• Long Short-Term Memory (LSTM) Networks: These are similar to RNN which is designed specifically for sequential data. These are specialized in identifying subtle patterns in time-series data, which makes them a suitable option specifically for the purpose of intrusion detection.

d)    Ensemble learning:

  • AdaBoost: This is a technique that particularly focuses on the weaknesses of each individual model and is commonly used for the purpose of malware detection.
    • Gradient Boosting Machines (GBM): This ensemble technique combines predictions from multiple models. It enhances the accuracy in various tasks in cybersecurity, for example: detecting phishing emails.

e)     Semi-Supervised learning:

  • Label Propagation: These techniques can be used to propagate label from a small labelled dataset to a larger unlabelled dataset, used in threat detection.

Challenges and ethical considerations:

Performing cybersecurity research requires a reference data, which is based on real systems and users, in order to test the validity as well as its efficacy for the predictions of a particular given theory.[6] Ethical and practical concerns arise when the operational data needs to be shared. Here’s an overview of some key challenges and ethical considerations:

  1. Regulatory Compliance: Navigating the complex scene of regulations and the standards, such as GDPR, while implementing Artificial intelligence in cybersecurity which can be challenging.
  2. Resource requirements: Training as well as maintaining the AI models, especially when it comes to deep neural networks can be very expensive computationally and intensive, which can act as a major impediment for new and small businesses and organizations.
  3. Data quality and quantity: AI algorithms primarily rely on high-quality datasets for the purpose of training. When it comes to cybersecurity, obtaining a clean and labelled data for both the malicious and the normal activities can be a challenging task.
  4. Transparency and Accountability: The organizations are supposed to remain transparent with respect to the usage of AI in cybersecurity and therefore be accountable for every decision made by the AI systems.
  5. Privacy: Protection of the privacy of its users be it an individual or an organization is of paramount importance. AI systems should ensure the sensitive data which is being handle by it is for legit security purposes only.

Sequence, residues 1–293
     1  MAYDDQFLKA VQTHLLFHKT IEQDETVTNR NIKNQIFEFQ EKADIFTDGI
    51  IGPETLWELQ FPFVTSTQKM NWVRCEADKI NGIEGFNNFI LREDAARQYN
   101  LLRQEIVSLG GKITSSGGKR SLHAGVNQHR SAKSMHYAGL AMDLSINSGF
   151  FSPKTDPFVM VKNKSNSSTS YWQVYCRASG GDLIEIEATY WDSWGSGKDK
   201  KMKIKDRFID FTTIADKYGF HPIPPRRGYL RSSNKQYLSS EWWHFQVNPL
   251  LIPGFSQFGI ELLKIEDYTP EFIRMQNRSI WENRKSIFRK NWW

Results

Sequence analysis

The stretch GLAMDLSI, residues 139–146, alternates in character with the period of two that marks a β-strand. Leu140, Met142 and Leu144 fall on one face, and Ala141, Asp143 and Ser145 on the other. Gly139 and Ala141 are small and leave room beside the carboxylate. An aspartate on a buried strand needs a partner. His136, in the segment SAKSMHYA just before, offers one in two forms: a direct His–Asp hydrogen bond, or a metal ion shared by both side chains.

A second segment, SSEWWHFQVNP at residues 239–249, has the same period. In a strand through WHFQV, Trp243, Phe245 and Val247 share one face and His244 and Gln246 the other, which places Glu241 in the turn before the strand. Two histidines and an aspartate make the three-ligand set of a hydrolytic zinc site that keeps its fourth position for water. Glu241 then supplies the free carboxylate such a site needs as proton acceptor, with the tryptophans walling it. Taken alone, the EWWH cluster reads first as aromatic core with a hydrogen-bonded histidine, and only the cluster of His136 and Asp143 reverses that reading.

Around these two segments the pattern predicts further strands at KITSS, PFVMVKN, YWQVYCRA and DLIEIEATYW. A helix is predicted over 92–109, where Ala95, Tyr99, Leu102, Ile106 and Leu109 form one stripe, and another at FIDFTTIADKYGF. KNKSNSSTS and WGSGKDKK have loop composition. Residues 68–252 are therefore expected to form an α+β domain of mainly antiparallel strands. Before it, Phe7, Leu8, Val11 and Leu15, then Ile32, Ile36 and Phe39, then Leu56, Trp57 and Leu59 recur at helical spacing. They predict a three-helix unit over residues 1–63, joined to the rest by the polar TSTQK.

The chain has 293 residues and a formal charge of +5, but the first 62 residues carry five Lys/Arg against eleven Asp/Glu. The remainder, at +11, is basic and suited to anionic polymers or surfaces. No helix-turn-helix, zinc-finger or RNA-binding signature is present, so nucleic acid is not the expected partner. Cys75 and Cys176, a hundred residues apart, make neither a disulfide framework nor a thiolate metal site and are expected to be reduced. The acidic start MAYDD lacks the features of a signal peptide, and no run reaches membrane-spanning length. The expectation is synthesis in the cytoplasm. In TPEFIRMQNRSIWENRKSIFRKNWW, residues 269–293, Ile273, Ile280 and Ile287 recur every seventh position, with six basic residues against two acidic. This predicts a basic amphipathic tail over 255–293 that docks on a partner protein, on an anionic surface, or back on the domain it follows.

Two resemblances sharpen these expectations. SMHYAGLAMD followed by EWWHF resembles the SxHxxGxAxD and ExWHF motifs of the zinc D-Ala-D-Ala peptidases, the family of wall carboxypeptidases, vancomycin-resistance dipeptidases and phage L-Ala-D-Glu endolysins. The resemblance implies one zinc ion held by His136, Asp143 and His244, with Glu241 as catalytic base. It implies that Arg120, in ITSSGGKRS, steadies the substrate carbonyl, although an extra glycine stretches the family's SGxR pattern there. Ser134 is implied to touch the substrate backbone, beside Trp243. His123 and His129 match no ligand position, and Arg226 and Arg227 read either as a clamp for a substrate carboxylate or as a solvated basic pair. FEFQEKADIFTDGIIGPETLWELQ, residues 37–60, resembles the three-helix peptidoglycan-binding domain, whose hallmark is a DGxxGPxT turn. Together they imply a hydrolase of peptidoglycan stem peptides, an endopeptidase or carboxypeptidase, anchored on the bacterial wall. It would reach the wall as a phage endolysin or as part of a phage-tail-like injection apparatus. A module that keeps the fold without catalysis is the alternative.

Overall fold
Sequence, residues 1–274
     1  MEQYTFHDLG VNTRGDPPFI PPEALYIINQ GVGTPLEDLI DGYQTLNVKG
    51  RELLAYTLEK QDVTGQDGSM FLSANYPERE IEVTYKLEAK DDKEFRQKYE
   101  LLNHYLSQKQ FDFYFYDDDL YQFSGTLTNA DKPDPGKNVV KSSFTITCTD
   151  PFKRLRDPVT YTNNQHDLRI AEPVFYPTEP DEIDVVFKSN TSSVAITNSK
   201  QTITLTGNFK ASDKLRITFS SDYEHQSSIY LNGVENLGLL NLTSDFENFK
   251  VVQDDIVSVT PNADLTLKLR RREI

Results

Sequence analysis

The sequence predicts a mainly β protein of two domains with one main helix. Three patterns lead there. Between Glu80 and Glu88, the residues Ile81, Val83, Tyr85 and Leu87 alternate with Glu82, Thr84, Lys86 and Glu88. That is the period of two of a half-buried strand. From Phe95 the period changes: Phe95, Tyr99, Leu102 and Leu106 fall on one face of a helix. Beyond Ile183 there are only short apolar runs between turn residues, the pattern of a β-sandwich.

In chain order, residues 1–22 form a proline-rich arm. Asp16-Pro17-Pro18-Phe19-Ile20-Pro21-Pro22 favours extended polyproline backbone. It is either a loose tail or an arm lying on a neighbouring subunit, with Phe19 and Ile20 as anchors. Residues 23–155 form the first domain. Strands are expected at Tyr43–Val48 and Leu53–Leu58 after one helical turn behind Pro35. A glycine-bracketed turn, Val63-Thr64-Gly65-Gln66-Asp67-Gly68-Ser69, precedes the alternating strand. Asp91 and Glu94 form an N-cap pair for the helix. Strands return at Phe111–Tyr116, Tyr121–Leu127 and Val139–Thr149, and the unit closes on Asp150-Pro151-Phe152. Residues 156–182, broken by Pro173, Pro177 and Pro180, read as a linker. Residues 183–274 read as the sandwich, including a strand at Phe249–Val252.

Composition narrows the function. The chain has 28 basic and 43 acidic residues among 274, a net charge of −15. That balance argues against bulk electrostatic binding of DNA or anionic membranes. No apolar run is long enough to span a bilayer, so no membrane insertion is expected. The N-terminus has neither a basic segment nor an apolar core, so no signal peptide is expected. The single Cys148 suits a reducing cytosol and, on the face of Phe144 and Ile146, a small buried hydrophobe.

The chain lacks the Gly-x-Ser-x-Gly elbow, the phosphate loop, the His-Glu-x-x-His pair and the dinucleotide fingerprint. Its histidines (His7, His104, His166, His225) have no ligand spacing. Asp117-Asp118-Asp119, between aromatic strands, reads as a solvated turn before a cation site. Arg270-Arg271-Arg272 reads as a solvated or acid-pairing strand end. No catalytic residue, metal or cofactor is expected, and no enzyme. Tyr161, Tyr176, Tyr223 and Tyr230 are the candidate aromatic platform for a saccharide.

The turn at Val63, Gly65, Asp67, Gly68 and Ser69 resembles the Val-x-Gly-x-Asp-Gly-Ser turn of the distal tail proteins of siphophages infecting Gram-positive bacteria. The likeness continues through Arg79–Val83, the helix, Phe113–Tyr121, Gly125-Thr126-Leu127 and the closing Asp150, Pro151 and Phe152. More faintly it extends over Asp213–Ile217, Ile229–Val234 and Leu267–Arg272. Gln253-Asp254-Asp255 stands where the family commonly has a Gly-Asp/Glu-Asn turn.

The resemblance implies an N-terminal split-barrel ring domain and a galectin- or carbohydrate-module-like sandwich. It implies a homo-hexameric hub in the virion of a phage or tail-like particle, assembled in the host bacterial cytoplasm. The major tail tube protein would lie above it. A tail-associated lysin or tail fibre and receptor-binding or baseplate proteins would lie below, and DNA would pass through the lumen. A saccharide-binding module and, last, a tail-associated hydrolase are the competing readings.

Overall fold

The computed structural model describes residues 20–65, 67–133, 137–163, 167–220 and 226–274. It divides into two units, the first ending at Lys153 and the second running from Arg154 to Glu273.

As our world continues getting interconnected, threats to our cybersecurity can come from unlikely and unexpected sources and directions. In recent years, malicious activities have sky-rocketed and are becoming increasingly complex and serious.

Calendar yearNumber of reported incidents of malicious cyber activityPercent increase from previous year

Table 1. Represents the reported incidents of malicious cyber activities targeting the US

Department of Defense’s system from 2000 to 2009. [6]

The Promising Future of Cyber Threat Intelligence:

In recent years many infrastructures and power systems have been subjected to countless sophisticated cyberthreats, which includes targeted attacks. A response to this challenging situation is building enhanced threat intelligence which is interlinking information sharing and situation awareness.[7]

Cyberthreats have become increasingly sophisticated over the years. However, there’s a promising future in the fields of cybersecurity- A future where the advanced technologies like artificial intelligence, machine learning and data analytics can be used to transform the way organizations look and approach the cyber threat intelligence.


As organizations are embracing predictive analysis, AI-driven capabilities, behavioural analytics and much more, they gain a significant advantage over the battle against the cyber threats. In order to understand the capabilities and its full potential, organizations are supposed to be investing in AI based solutions, developing cybersecurity strategies and prioritizing AI deployment. The future of cyber threat intelligence is bright, which offers enhanced protection in the evolving field of cyber threats.


  1. Husák, M., Bartoš, V., Sokol, P., & Gajdoš, A. (2021, February 1). Predictive methods in cyber defense: Current experience and research challenges. Future Generation Computer Systems; Elsevier BV.
  2. Hernandez-Suarez, A., Toscano-Medina, K., Martínez-Hernández, V., Olivares-Mercado, J., & Sanchez, V. (2018, April 29). Social Sentiment Sensor in Twitter for Predicting Cyber- Attacks Using ℓ1 Regularization. Sensors; Multidisciplinary Digital Publishing Institute.
  3. Sarker, I. H., Furhad, H., & Nowrozy, R. (2021, March 26). AI-Driven Cybersecurity: An Overview, Security Intelligence Modeling and Research Directions. SN Computer Science; Springer Science+Business Media.
  4. Kandias, M., Mylonas, A., Virvilis, N., Theoharidou, M., & Gritzalis, D. (2010, January 1). An Insider Threat Prediction Model. Lecture Notes in Computer Science.
  5. Leszczyna, R., & Wróbel, M. R. (2019, May 29). Threat intelligence platform for the energy sector. Software: Practice and Experience, 49(8), 1225–1254.
  6. Announcement (ScienceDirect Article in Press). (2004, January). Assessing Writing, 9(1), III–IV.
  7. Shou, D. (2012). Ethical Considerations of Sharing Data for Cybersecurity Research. Financial Cryptography and Data Security, 169–177.

Cite As:

Hasan A. (2023) The Future of Cyber Threat Intelligence: AI-Driven Predictive Analysis, Insights2Techinfo, pp.1